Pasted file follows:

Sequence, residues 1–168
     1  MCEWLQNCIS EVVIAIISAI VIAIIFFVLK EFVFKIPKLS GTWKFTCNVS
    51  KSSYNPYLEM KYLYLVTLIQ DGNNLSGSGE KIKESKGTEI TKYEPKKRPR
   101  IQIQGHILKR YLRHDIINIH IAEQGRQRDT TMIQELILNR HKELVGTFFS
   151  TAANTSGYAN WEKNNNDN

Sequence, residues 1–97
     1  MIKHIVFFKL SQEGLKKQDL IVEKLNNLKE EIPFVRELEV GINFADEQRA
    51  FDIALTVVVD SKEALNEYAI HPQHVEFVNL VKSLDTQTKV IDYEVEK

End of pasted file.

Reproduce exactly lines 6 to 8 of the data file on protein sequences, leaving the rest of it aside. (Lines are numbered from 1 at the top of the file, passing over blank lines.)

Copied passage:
Sequence, residues 1–97
     1  MIKHIVFFKL SQEGLKKQDL IVEKLNNLKE EIPFVRELEV GINFADEQRA
    51  FDIALTVVVD SKEALNEYAI HPQHVEFVNL VKSLDTQTKV IDYEVEK